Internet dating sites have been around for a while now, and there’s no denying their popularity. Who among us hasn’t done at least a little ‘site-seeing’ and considered the possibility of meeting a potential soul mate online? And who among us hasn’t at least considered what personal information we would divulge in a public dating profile?
These sites haven’t just appealed to singles, of course. As a family lawyer, I’ve heard stories time and time again of one spouse finding the other while surfing, if not actually searching, online for their next great love.
But for the most part, at least in the early days, there was an innocence about it all. Little did we know that the days of clear and relatively transparent online dating profiles were actually the age of Internet innocence.
THE NEXT CHAPTER
Little by little, a trend has emerged where online profiles are being ‘polished’ by professionals, with ‘trending’ terms being added to what used to be fairly straightforward descriptions of people looking for love. Entire dating profile services have emerged, devoted to helping make one’s profile not just more appealing but easier to find online.
Marketing one’s self has become the name of the dating game. Recently I read about a ‘scientific approach’ applied by a woman to online dating who posed as a man to see what responses other men liked. She studied the male response patterns so that she herself could then go back and customize her description as a SWF to conform to what most men wanted to see.
Her strategy and efforts made a certain amount of sense – if you suspended everything else you knew about trust, honesty and truth in relationships.
THE FUTURE IS NOW
It seems we have now moved into a true twilight zone online. The Notre Dame star linebacker, Manti Te’o, has become Twitter talk and newsworthy due to the alleged death of his imaginary girlfriend. Was he the victim of a hoax or at least, in part, the perpetrator of one?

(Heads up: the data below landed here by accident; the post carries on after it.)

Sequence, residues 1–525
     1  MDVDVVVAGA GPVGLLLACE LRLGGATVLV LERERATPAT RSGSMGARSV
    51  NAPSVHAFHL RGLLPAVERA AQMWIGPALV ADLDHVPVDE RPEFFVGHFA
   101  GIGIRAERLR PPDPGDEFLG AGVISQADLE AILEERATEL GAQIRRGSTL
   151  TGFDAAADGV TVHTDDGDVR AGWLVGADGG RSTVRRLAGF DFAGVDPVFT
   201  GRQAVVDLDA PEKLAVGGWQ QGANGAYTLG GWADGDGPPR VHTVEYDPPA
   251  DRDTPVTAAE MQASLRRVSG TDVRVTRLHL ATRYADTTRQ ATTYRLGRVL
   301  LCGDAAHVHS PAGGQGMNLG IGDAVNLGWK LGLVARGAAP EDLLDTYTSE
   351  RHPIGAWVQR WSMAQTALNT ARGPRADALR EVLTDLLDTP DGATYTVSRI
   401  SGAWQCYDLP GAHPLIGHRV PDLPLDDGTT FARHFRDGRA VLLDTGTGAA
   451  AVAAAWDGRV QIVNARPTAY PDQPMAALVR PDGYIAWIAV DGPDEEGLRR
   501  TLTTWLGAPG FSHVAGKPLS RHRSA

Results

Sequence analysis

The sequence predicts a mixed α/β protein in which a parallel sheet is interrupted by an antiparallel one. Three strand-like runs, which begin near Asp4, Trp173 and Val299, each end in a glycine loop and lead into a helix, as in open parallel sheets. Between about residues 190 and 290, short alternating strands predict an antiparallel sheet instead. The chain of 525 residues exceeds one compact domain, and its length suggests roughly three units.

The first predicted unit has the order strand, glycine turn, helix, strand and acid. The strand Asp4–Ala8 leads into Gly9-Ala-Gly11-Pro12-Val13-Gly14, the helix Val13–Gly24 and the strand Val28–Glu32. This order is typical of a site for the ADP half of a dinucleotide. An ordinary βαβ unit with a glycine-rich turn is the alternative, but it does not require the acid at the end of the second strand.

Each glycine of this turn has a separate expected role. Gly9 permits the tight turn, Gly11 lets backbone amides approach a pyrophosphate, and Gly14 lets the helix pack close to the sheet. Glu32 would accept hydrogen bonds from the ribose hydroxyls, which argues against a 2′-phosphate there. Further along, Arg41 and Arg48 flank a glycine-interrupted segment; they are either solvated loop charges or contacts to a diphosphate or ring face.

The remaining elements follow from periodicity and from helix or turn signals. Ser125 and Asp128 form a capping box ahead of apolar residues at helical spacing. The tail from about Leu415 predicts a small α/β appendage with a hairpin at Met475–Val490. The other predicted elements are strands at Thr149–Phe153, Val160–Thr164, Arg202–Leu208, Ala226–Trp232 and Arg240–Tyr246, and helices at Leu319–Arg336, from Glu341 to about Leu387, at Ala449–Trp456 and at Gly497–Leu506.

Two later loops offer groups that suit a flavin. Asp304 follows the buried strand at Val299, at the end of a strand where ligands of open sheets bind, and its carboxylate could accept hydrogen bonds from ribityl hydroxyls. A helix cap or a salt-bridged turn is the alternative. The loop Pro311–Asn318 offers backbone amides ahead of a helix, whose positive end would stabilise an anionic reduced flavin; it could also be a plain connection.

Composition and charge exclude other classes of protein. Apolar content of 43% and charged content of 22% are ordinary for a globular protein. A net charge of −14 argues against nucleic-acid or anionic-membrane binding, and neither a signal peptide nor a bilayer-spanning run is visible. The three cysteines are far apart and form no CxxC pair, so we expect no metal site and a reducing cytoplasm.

One thing this story underscores is the often sad fact that people think they are falling in love when, in reality, they’ve fallen head over heels in love over keystrokes. The person they think they love may be non-existent or at least a fraud.
There are elaborate hoaxes being created online to attract lonely hearts of both sexes, leading to the possibility of real heartbreak. Some of these imposters are simply lonely and looking for love they could never find in the real world, and others are quite vicious. The imposters range from brunettes posing as blondes to heavy-set women posing as model-slim to boys posing as girls (and vice versa) to paupers posing as millionaires and everything in-between.
BACK TO THE FUTURE
So, who DO you trust in this 2013 Internet matchmaking odyssey? Well, you need a good defense as much as a solid offense. Oddly enough, the defenses to this kind of dating game-playing are not unlike the defenses our parents used and preached to us.
(1) If something or someone seems too good to be true, probably is. Exercise extreme caution.
(2) Do your homework, and use the same technology that is ensnaring your heart to search Facebook/search engines to try to verify the facts about the person.
(3) If you haven’t actually met someone, looked deeply into their eyes and surveyed the reality of their lives, remind yourself repeatedly they may not exist as pictured and portrayed online.
(4) Guard your heart and your online confidences with at least the same amount of care you guard pin numbers and passwords. When emotions are involved, there’s a lot at stake!
We all know many happy endings for couples who have met online. The way to share their success is to never trust technology too much and to trust your own instincts always.
Photo: Flicker Ed Yourdon